3.2 Structure and Organization of the 1996 Act—47 U.S.C. §§ 151 et seq.

3.3. Definitions—Section 3 of the Telecommunications Act of 1996

3.3.1 Three-Pronged Definition of Telecommunications

3.3.2 Definitions of Carriers

3.3.3 Definitions of Equipment

3.4 Provisions to Open the Competitive Market

3.4.1 Three Ways to Enter the New Competitive Market, 251(c)(2-4)

3.4.2 Implementation of the 1996 Act, § 251(d)(1)

3.4.3 Process for Writing Interconnection Agreements, § 252

3.4.4 Post-Approval Issues

3.5 Duties and Obligations of Carriers

3.5.1 All Telecommunications Carriers, § 251(a)

3.5.2 Duties of Local Exchange Carriers, § 251(b)

3.5.3 Duties of Incumbent Local Exchange Carriers, § 251(c)

3.5.4 Duties of Bell Operating Companies, § 271

3.6 Challenges to the Constitutionality of Section 271 Requirements

3.6.1 Bill of Attainder

3.6.2 Separation of Powers

3.6.3 Equal Protection Clause

3.6.4 Bell Operating Companies' Right to Free Speech

Conclusion

Endnotes


Chapter 4 - Outstanding Issues from the Telecommunications Act of 1996


4.1 Local Number Portability

4.1.1 Three Types of Number Portability

4.1.2 The North American Numbering Plan

4.1.3 Pre-1996 Number Portability in the United States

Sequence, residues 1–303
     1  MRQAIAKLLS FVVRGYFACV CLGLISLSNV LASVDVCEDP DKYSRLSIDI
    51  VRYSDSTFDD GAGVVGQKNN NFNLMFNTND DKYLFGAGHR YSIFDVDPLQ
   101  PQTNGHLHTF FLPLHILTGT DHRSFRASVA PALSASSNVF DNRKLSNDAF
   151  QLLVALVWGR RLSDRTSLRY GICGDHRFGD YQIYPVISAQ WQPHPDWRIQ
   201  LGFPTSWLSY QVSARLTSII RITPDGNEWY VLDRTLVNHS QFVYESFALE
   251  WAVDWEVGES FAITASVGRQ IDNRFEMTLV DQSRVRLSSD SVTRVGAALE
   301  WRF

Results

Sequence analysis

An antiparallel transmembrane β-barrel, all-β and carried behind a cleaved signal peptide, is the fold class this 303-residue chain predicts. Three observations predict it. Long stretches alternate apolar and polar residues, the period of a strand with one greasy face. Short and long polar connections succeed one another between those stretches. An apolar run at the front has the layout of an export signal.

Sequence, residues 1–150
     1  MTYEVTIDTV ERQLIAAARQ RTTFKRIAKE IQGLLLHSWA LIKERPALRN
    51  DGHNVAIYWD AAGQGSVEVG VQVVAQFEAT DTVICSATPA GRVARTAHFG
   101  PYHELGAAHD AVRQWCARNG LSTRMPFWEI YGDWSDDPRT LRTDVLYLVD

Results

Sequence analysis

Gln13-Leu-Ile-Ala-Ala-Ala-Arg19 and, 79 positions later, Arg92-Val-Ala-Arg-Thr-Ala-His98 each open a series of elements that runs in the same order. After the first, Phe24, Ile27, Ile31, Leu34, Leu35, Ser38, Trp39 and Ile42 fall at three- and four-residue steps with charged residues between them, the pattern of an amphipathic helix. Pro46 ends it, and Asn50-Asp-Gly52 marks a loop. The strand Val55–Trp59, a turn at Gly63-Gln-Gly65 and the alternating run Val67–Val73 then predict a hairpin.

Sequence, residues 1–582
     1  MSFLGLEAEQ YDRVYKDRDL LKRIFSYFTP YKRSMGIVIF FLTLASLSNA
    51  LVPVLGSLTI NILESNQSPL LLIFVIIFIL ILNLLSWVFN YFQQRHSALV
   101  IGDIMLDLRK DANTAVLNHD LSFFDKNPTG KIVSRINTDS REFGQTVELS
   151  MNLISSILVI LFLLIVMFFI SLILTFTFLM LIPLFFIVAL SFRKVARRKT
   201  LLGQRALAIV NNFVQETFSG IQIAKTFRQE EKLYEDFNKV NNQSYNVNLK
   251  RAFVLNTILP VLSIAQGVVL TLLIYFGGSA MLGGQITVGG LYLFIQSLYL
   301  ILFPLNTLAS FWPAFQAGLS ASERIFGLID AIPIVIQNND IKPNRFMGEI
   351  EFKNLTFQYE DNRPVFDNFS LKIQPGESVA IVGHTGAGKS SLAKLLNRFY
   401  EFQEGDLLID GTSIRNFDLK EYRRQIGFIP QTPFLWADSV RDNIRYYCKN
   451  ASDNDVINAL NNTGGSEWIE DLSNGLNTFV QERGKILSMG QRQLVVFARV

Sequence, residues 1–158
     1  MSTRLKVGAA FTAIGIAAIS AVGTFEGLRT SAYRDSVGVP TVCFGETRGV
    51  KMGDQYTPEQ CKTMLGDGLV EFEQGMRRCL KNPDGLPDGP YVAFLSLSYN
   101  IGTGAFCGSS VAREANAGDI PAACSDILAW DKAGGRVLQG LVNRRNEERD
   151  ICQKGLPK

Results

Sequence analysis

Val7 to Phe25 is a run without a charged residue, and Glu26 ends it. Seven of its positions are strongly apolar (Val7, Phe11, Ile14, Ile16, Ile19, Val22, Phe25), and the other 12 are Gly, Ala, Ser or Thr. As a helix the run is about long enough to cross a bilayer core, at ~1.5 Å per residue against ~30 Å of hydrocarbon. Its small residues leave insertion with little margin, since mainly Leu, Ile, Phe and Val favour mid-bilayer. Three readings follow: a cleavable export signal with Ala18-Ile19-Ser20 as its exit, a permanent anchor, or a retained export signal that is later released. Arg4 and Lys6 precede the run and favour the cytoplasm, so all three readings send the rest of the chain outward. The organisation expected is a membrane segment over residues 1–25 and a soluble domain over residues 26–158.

4.1.4 Interim Methods

4.1.5 Long-Term Database-Dip Methods

4.1.6 Number Portability Regulation

4.1.7 Ongoing Issues

4.2 Universal Service

4.2.1 The Early Concept

4.2.2 Universal Service in the 1996 Act

4.3 Access

4.3.1 FCC's 1983 Access Charge Rules

4.3.2 Initial Challenge to FCC's Exemption of ISPs—ACTA's Internet Phone Petition to Designate ISPs as Long-Distance Providers

4.3.3 Impact of the Telecommunications Act of 1996

4.4 Reciprocal Compensation—Payment for Transport and Termination of Communications

4.4.1 Initial Reaction of Incumbent Local Exchange Carriers and Competitive Local Exchange Carriers to Reciprocal Compensation

4.4.2 Incumbent Local Exchange Carriers' Reaction to Competitive Local Exchange Carriers' ISP-Minutes-Terminated Strategy

4.4.3 State Regulatory Concerns Regarding Competitive Local Exchange Carriers' ISP Strategy

4.4.4 Challenges to FCC's Authority and Rules Implementing the Telecommunications Act of 1996

4.4.5 February 1999—FCC's Declaratory Ruling

Conclusion

Endnotes



Part II Embracing the Expanded Global Telecommunications Market


Chapter 5 - The World Trade Organization and Its Telecommunications-Related Agreements


5.1 Historical International Trade—Goods, Not Services

5.1.1 International Trade Law

5.1.2 U.S. Trade Policy

5.2 1948—The General Agreement on Tariffs and Trade

5.2.1 Structure and Operation of GATT

5.2.2 1970s and 1980s—Movement to Include Trade in Services in GATT